Osigan Caseres lost her job as a maid and no longer sends home $300 each month to her daughters in the Philippines to buy food for her eight grandchildren.
In Somalia, Asha Mohamed Ahmed no longer receives the $400 her daughter used to provide from working at a Minneapolis hotel to cover the family’s monthly bills. And in Mexico, Rosy worries how she will afford to buy medicine for her diabetic mother without the money her brother used to send before being furloughed at an Idaho ranch.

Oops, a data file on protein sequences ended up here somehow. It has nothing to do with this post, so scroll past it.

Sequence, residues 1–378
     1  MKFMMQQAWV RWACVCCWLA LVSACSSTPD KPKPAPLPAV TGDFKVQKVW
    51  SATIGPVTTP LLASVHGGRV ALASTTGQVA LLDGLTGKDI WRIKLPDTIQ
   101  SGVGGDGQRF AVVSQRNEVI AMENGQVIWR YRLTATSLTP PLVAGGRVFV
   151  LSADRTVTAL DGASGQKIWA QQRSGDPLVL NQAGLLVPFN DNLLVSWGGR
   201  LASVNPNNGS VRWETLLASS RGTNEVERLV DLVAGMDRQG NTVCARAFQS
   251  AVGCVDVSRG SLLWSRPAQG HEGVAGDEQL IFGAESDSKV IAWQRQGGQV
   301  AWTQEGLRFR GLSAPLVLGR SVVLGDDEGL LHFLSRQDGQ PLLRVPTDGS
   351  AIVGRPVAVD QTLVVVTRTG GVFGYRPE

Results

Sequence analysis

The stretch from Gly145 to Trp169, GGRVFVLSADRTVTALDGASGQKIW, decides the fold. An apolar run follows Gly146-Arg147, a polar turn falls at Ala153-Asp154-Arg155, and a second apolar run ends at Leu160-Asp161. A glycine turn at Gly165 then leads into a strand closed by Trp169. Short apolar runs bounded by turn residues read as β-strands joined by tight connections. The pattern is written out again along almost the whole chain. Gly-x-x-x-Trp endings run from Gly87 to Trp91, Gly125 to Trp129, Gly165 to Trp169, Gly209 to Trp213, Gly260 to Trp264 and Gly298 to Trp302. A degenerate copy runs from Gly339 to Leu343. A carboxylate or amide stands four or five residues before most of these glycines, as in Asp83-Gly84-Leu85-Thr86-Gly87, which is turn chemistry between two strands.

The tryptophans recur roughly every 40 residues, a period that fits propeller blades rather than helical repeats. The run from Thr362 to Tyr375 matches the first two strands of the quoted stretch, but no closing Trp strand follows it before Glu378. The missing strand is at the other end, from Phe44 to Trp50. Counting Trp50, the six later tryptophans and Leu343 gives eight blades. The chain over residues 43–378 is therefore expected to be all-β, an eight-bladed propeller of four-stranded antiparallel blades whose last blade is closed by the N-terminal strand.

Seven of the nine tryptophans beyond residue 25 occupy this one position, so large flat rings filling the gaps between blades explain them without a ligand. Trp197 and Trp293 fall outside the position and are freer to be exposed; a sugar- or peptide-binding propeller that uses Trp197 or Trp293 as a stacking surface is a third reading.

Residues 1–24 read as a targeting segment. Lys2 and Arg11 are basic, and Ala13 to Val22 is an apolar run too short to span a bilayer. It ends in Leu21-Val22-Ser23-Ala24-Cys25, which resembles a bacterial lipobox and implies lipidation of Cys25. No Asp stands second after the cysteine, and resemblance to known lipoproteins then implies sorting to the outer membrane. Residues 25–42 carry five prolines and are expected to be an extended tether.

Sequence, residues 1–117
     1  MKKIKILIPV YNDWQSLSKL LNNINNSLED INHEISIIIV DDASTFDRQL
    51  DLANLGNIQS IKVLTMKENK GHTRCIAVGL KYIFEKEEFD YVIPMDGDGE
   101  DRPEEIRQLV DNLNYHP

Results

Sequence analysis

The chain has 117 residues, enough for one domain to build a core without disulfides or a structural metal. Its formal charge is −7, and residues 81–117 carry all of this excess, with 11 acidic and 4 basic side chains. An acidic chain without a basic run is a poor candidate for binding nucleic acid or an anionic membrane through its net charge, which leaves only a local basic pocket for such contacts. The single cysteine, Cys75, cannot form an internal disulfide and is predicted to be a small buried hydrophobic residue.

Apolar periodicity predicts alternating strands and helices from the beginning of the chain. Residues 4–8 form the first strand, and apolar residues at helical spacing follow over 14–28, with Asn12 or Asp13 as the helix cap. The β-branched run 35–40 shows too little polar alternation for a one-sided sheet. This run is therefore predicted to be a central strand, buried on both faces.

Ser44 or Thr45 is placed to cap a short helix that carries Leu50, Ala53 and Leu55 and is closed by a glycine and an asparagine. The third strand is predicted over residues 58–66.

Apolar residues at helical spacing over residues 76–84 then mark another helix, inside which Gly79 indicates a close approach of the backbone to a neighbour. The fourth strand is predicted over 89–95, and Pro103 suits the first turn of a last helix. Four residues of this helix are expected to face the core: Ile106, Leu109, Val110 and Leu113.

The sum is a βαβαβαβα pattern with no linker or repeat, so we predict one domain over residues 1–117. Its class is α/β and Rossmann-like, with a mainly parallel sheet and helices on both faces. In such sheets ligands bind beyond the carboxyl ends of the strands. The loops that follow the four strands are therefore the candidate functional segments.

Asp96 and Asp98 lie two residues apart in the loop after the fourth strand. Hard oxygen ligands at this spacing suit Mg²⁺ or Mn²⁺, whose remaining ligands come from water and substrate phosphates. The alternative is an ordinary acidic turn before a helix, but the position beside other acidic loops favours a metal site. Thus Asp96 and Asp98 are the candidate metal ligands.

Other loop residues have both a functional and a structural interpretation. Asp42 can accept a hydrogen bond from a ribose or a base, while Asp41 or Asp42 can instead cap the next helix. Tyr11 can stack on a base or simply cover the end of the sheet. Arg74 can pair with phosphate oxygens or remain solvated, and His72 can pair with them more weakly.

They are all economic victims of the novel coronavirus. As hundreds of millions of people around the world grapple with job losses, business closures and lockdowns, many are no longer able to help poorer relatives in developing nations whose lives can hinge on these payments. Billions of dollars in remittances from wealthier nations to poorer ones may be vanishing, threatening the welfare of millions of families globally and the health of their countries in the months ahead, economists say.
[The Washington Post]